Arnold Zwicky over at Language Log has been looking into the phenomenon of “under” versus “in” occurring before the phrase “[modifier] circumstances”. I, personally, couldn’t recall ever hearing someone say “in the circumstances”, but Zwicky stated previously that not only is this how he says it, but it’s considered proper.
Of course, it’s Language Log’s purpose to debunk prescriptive language rules, so he did a little googling to see how people are actually using the phrase. Not content to simply check with “the circumstances”, he tried “these”, “all”, “no”, and several other modifiers.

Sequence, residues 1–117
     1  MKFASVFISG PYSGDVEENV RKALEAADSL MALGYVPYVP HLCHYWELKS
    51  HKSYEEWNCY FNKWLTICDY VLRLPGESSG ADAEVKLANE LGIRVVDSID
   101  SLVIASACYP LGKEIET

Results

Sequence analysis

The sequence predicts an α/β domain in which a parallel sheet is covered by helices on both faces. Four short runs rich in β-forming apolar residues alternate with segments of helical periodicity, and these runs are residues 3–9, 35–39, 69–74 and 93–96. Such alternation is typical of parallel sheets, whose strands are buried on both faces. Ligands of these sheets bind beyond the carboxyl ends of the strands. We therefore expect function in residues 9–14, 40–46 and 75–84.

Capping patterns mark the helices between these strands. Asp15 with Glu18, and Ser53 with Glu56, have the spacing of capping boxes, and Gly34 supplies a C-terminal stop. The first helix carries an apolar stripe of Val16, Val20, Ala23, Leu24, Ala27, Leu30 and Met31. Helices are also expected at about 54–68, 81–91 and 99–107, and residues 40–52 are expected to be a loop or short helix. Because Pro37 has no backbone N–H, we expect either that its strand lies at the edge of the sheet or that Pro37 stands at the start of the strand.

In summary: the Google data suggest that “under” is preferred to “in”
with determiners “the” and “these”
with determiner “which”
with determiner “what”
with quantity determiner “no”
but that “in” is preferred to “under”
when “circumstances” means ‘personal situation’
with determiner “those” in general
with determiner “those” plus certain following relatives
with quantity determiners “all” and “some”
with quantity determiner “many”
with quantity determiner “a few”
This just scratches the surface of the phenomenon, but it’s enough to indicate that several effects are probably going on. As usual, the facts of usage are complex, subtle, sometimes surprising, and not easy to derive from first principles.